By Kit Slack

County children are struggling to catch up to pre-pandemic levels of achievement in math, according to data released, separately, by Prince George’s County Public Schools (PGCPS) and Maryland in January.

In the fall of 2022, only 4% of middle and high school students in the county school system met expectations on grade level standards in math, according to a Jan. 23 presentation to the school board’s academic achievement committee.

This was a slight improvement from 3% for those age groups in fall 2021.

County data, presented by grade level, showed proficiency at its lowest among the county school system’s oldest students, with 26% of second graders meeting expectations in math, in contrast to 1% of 12th graders.

Dr. Judith White, the chief academic officer for PGCPS, explained that in middle and high school, test results reflect proficiency in particular math courses, like algebra or geometry, rather than overall mathematical competency.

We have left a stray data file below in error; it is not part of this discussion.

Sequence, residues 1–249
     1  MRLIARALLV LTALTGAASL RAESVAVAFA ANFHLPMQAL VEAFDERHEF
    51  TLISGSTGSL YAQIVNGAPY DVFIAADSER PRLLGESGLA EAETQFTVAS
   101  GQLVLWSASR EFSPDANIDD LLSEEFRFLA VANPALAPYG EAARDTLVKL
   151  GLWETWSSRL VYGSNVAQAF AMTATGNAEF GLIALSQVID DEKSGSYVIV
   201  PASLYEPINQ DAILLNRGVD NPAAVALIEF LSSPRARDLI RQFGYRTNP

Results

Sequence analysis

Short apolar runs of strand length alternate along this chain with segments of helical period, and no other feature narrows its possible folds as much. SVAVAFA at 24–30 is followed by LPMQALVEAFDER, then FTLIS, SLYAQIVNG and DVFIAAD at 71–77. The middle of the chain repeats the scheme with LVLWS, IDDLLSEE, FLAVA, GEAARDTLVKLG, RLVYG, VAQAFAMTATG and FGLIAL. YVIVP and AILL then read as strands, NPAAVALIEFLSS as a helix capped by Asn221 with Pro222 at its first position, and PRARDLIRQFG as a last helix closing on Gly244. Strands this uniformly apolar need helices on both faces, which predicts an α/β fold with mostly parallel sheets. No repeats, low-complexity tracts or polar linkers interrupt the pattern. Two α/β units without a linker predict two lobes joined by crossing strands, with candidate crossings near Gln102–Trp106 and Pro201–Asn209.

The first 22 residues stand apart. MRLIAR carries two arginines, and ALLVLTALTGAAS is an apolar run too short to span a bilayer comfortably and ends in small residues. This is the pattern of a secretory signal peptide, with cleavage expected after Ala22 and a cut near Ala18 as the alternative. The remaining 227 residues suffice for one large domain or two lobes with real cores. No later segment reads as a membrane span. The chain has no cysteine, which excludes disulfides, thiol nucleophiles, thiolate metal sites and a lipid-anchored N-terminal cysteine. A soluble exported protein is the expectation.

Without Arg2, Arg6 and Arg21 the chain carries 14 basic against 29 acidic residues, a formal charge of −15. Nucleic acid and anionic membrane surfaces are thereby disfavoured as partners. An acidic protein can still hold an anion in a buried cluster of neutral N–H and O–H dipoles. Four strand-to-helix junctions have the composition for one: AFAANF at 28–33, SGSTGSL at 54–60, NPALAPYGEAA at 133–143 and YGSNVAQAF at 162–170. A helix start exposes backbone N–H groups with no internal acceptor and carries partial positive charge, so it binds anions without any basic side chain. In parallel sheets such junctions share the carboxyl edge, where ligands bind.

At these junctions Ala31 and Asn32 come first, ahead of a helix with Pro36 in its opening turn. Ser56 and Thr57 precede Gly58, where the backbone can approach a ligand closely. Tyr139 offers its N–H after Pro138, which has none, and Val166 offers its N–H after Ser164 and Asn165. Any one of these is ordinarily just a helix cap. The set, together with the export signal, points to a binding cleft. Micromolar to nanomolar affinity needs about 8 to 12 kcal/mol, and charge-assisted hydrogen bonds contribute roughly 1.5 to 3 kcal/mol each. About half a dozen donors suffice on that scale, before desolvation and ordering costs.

For reading and writing, the picture is somewhat brighter, though challenges remain; about 23% of PGCPS high schoolers met expectations in the fall of 2022, a percentage that held steady from the fall of 2021.  

The data comes from a county benchmark test administered in each public school at least twice a year, beginning in the 2020-21 school year.

Maryland released data Jan. 24 for last school year which showed that while kids around the state had caught up to pre-pandemic proficiency in reading and writing, they had not done so in math. Statewide, mathematical proficiency for children grades 3 through 8 was 22% in the 2021-22 school year, down from 33% in the 2018-19 school year. 

Last school year, according to the same state data, 10% of PGCPS students grades 3 through 8 were proficient in math. Baltimore City was the only Maryland school district with a lower math proficiency rate, at 7%. 

The Maryland Department of Education plans to make school-by-school data available in February on Prince George’s County is developing a parent portal for individual student assessments, set to launch in the next few months, according to the January presentation.